Five reasons the Fed should raise rates now

Forty-seven consecutive Federal Reserve Open Market Committee meetings resulting in an overnight target rate of 0.00 percent to 0.25 percent. Sixty-seven months of short-term interest rates being at near-zero levels. Over $3.5 trillion of growth in the monetary base. Effectively a promise not to raise rates anytime soon and that once rates do rise, they will do so very slowly.

And yet, despite all of this monetary stimulus, the economy has only managed to grow at an average rate of 2.2 percent in the five years since the Great Recession ended, less than two-thirds of the 3.6 percent average quarterly growth rate from the end of WWII through 2007. Monetary stimulus has presumably helped stabilize the economy; but, the time has come for the Federal Reserve to get off the zero-rate policy.

Here are five reasons:

There are asset bubbles in every corner of the financial markets. While some of these may not be big bubbles, it is hard to argue that asset prices are not broadly inflated, and intentionally so. Bond yields are well below levels an investor would expect, given the macro growth forecast. Total stock-market capitalization is at its highest ratio to overall GDP since the tech bubble. Stock price-to-earnings multiples are inconsistent with a 2-percent economy, although they are justified by extraordinarily low interest rates. In each case, asset prices are being intentionally inflated from their fundamental valuations. The longer rates stay at zero, the more dislocated capital flows will be and the more problematic these bubbles may become. Most concerning, no one can predict how this will end.

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Inflated asset prices are not having the broad impact on consumer behavior that would be expected. While it is true that rising asset prices have grown household net worth, the subsequent "wealth effect" has not occurred broadly because the gains have been largely skewed to higher income households. Of the $26 trillion of growth in household net worth since the nadir of the cycle, $21.5 trillion of that has come by way of financial asset growth (assets which are primarily held by wealthier households) and just $4.7 trillion has come from real estate asset growth (assets which tend to be the nest egg for lower- to moderate-income households). As a result, the bottom 50 percent of households by net worth have realized just 3.3 percent of the total gains in household net worth. This is precisely why wealthier households have fared quite well over the past five years, and why a broader based wealth-effect has not occurred.

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The Fed's zero-rate policy is keeping real interest rates negative—a double-edged sword for income growth, hurting both interest income and wage growth. The first and most direct effect of negative interest rates is that interest income, one component of personal income growth, has been in a state of decline since 2007. As a result, seniors are forced to stay in the labor force longer, evidenced in the labor force participation rates. This phenomenon has brought about a second, equally damaging result to income growth. As seniors stay in their jobs longer, advancement opportunities for younger people and entrance into the labor force are proving to be more difficult. Without opportunities for advancement, younger workers' wages are stagnating.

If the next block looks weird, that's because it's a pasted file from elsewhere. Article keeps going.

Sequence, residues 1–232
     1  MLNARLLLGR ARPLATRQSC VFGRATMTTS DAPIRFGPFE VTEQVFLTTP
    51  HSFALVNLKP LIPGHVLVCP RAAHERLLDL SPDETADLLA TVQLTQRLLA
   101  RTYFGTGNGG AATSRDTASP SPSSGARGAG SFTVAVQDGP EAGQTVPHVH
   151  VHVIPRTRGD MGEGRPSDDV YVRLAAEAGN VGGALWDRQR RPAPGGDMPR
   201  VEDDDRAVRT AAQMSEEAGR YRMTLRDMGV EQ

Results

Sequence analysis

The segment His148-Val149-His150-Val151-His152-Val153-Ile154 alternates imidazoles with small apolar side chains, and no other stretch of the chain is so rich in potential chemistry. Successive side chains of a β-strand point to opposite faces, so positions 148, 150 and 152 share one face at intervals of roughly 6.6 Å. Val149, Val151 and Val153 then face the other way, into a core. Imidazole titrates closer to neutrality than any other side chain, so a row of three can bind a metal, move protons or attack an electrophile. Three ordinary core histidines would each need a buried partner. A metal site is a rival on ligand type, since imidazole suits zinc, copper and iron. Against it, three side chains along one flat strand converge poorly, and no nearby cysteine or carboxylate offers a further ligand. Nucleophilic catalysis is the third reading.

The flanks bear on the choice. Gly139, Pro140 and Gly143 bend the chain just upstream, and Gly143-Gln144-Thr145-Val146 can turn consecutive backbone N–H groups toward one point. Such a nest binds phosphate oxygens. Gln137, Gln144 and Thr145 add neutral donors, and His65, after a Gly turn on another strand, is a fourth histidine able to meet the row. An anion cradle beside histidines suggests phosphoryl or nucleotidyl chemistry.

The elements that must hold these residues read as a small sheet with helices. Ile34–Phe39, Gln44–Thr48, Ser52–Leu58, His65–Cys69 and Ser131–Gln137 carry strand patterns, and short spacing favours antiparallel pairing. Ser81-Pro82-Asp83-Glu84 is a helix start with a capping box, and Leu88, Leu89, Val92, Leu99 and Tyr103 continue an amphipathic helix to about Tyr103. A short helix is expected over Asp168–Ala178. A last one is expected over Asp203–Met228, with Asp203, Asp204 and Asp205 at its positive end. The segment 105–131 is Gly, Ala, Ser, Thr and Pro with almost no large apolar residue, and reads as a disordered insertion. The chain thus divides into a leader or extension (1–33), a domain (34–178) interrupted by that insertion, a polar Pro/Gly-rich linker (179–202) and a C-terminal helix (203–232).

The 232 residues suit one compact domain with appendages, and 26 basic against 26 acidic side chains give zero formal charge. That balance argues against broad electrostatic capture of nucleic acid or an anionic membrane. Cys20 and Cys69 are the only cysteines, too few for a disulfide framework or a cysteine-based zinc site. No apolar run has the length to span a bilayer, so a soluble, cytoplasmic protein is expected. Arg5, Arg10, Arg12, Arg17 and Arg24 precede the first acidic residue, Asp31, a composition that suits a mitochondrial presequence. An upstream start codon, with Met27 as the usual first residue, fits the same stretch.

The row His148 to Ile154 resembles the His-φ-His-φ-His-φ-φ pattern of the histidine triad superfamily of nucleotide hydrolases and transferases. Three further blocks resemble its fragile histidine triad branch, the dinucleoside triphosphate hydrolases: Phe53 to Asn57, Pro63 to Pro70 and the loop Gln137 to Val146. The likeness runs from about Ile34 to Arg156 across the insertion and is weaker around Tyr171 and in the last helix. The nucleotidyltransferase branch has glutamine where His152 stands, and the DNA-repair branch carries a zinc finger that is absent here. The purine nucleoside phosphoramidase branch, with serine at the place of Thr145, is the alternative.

When the next economic downturn arises, the Fed has no powder. Monetary easing can be compared to having a sale at a retailer. History shows that discounting the cost of money has an immediate impact on investment and consumer behavior, just like a big sale has. However, that effect lessens over time in both cases. Retailers who recognize this keep some scarcity to their discounting by limiting the number of sales they have each year. The Fed has effectively been having a sale for 67 months; and, as any consumer knows, a 67-month-long sale loses its impact. As a result, their zero-rate policy has lost much of its utility. From the macro prudential perspective, the Fed needs to have tools available when the next downturn comes, and it will come.

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Inflation is now at the Fed's 2.0-percent target and the labor market is much tighter. While some Fed officials still see excess slack in the labor market, the short-term unemployment rate has dropped to 4.1 percent — a frothy level historically. Job openings are at their highest level since 2001. Initial jobless claims and layoffs are at historically low levels. And employers are increasingly saying that it is difficult to find qualified employees to fill their job openings. These are all factors which can make for wage inflation. If wages begin to grow at a faster pace, the Fed risks getting behind the curve — a place it does not want to be, given how complicated tightening policy may be with such a large balance sheet. If wages do not begin to grow, there is a structural problem within the labor market that monetary policy is not affecting. Either way, the labor market does not need to be on life support any longer.

Given the risks associated with a zero-interest rate policy, the future uncertainty of what those risks really mean, and the limited visible benefits; the Fed needs to begin raising their overnight target rate sooner than later. What better time to do it than when the European Central Bank is taking the torch of accommodation.

Commentary by Craig Dismuke, the chief economist at Vining Sparks IBG. He is responsible for Vining Sparks' economic and interest rate forecasts. Follow him on Twitter @craigdismuke.